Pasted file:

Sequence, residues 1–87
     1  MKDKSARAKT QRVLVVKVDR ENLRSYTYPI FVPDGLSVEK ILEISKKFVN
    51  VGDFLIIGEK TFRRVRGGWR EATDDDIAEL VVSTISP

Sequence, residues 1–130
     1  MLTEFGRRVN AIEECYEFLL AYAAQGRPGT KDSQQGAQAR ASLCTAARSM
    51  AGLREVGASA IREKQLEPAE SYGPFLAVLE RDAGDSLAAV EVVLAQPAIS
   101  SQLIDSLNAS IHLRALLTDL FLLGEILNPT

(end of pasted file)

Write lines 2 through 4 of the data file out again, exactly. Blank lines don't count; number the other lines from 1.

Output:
     1  MKDKSARAKT QRVLVVKVDR ENLRSYTYPI FVPDGLSVEK ILEISKKFVN
    51  VGDFLIIGEK TFRRVRGGWR EATDDDIAEL VVSTISP

Sequence, residues 1–130